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Well, history is full of civilizations clashing, and for that matter, of civilizations not clashing. And the story of the role played by religious ideas—fanning the flames or dampening the flames, and often changing in the process—is instructive. I think it tells us what we can do to make the current “clash” more likely to have a happy ending.
The second aspect of the current world situation I’ll address is another kind of clash—the much-discussed “clash” between science and religion. Like the first kind of clash, this one has a long and instructive history. It can be traced at least as far back as ancient Babylon, where eclipses that had long been attributed to restless and malignant supernatural beings were suddenly found to occur at predictable intervals—predictable enough to make you wonder whether restless and malignant supernatural beings were really the problem.
There have been many such unsettling (from religion’s point of view) discoveries since then, but always some notion of the divine has survived the encounter with science. The notion has had to change, but that’s no indictment of religion.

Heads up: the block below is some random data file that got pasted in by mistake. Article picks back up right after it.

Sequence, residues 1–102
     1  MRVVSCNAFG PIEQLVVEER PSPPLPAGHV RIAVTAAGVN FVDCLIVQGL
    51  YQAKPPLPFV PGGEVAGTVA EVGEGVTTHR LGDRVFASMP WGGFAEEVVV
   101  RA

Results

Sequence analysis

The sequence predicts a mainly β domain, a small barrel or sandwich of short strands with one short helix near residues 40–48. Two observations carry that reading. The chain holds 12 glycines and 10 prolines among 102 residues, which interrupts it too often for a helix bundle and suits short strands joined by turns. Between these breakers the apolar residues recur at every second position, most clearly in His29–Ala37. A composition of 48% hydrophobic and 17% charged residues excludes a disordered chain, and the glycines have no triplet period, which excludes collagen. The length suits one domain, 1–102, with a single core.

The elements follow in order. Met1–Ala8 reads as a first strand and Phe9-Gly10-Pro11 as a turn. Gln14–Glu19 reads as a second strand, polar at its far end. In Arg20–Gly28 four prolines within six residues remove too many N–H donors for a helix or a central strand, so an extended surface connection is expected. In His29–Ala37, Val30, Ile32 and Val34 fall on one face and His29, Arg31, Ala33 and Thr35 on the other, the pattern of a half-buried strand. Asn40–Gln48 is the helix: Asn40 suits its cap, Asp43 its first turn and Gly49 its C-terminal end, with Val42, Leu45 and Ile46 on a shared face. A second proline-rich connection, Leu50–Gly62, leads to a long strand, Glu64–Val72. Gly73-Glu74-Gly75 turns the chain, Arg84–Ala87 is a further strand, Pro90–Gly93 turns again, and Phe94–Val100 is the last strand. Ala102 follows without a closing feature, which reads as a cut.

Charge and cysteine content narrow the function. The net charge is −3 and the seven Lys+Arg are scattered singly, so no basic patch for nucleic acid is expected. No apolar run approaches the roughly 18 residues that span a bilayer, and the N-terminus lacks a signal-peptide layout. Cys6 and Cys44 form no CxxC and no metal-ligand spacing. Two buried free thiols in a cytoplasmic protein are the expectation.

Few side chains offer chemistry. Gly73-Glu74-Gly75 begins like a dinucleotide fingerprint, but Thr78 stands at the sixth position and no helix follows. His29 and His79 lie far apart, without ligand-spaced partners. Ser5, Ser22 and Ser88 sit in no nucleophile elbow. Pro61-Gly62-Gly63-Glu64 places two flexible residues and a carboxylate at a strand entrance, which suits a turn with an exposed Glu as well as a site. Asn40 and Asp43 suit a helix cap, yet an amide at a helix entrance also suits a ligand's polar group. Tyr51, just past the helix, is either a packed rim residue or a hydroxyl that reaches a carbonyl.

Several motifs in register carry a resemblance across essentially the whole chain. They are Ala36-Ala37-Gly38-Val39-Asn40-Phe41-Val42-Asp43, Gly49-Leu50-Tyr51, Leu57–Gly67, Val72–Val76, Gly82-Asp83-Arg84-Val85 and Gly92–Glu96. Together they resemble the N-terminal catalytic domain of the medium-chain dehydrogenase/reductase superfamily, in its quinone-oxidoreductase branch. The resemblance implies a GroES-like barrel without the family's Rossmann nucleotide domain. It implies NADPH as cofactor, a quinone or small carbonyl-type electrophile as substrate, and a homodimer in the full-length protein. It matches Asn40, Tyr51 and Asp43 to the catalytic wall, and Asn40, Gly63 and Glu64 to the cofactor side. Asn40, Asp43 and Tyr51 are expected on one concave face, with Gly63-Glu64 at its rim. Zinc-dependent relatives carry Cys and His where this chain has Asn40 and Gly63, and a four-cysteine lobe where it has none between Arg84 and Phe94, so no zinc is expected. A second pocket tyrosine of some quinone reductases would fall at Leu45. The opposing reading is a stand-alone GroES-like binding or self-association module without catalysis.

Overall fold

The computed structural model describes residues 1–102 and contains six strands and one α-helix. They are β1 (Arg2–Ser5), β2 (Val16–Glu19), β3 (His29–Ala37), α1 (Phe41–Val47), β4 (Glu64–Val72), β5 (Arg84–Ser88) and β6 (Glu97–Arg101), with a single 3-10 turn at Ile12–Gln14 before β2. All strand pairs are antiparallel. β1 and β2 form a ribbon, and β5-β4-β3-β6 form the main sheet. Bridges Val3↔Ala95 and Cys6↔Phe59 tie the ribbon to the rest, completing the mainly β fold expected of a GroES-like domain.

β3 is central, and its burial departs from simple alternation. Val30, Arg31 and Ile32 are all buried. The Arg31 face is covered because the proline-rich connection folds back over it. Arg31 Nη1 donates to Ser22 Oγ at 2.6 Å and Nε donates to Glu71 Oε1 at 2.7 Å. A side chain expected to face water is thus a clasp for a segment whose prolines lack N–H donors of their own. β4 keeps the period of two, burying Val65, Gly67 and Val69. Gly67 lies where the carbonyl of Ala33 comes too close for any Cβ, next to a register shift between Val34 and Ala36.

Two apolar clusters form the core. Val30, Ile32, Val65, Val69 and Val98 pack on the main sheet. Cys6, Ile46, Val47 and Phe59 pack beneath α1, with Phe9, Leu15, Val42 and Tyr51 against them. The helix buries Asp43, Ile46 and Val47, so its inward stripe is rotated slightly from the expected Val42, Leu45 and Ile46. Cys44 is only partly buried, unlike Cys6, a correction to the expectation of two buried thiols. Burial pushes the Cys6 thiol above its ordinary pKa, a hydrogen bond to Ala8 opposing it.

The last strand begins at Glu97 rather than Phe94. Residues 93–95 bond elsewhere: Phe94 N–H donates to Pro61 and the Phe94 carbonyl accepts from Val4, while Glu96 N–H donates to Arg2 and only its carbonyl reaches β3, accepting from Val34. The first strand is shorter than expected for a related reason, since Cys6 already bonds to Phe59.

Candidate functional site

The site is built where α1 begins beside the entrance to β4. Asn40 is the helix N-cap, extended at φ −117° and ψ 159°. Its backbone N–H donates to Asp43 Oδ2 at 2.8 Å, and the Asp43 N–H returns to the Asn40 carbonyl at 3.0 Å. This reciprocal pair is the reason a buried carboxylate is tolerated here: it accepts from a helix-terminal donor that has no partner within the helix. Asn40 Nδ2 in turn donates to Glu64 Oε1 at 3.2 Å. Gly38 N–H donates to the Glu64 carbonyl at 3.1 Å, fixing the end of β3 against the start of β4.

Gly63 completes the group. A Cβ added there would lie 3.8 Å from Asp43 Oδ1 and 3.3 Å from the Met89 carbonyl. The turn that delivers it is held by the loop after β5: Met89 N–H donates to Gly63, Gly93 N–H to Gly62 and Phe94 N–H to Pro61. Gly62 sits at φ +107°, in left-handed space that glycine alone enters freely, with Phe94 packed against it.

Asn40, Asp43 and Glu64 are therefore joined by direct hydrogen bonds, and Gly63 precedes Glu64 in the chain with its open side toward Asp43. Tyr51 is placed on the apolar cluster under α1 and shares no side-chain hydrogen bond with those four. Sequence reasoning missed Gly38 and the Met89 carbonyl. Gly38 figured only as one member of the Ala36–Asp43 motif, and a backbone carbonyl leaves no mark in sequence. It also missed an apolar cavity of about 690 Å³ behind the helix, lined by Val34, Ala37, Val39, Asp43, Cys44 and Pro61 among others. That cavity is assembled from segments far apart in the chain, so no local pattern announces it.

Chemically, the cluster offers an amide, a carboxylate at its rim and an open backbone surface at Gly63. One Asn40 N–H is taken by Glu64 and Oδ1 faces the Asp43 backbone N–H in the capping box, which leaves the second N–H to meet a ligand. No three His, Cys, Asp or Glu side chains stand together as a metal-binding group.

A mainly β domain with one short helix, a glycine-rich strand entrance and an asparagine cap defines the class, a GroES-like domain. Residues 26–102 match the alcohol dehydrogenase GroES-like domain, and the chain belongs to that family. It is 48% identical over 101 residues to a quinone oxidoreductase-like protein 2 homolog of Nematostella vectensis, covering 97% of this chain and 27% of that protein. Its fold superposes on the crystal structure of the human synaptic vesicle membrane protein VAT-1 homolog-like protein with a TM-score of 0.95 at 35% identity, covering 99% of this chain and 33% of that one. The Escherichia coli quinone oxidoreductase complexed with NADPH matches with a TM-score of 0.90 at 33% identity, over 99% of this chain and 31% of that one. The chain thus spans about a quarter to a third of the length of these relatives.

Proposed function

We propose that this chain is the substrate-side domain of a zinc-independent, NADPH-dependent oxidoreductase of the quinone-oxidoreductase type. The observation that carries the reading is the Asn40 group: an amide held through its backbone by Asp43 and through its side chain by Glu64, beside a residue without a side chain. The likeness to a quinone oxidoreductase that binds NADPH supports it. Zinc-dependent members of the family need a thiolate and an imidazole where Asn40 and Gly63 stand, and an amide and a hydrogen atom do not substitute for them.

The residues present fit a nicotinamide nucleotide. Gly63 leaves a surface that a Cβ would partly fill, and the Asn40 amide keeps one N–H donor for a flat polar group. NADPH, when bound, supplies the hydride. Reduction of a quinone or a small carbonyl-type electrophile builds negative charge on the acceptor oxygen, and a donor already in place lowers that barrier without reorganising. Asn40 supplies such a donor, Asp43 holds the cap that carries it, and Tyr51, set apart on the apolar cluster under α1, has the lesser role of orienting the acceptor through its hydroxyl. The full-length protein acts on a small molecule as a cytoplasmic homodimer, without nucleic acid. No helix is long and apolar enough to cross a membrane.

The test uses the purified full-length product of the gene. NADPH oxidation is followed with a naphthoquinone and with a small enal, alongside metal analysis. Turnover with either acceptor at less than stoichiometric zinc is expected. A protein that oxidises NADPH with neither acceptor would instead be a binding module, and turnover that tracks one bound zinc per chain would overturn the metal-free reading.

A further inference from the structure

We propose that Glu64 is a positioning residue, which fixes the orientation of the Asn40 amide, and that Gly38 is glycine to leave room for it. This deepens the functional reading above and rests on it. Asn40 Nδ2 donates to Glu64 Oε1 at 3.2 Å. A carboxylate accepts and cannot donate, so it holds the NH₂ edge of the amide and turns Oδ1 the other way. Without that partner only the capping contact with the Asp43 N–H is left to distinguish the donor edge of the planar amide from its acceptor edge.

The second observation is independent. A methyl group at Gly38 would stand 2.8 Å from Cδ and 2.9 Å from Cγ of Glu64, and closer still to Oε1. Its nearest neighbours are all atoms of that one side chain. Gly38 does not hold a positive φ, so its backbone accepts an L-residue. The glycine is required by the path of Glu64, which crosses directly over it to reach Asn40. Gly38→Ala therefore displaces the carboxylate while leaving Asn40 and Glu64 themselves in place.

After all, science has changed relentlessly, revising if not discarding old theories, and none of us think of that as an indictment of science. On the contrary, we think this ongoing adaptation is carrying science closer to the truth. Maybe the same thing is happening to religion. Maybe, in the end, a mercilessly scientific account of our predicament—such as the account that got me denounced from the pulpit of my mother’s church—is actually compatible with a truly religious worldview, and is part of the process that refines a religious worldview, moving it closer to truth.
These two big “clash” questions can be put into one sentence: Can religions in the modern world reconcile themselves to one another, and can they reconcile themselves to science? I think their history points to affirmative answers.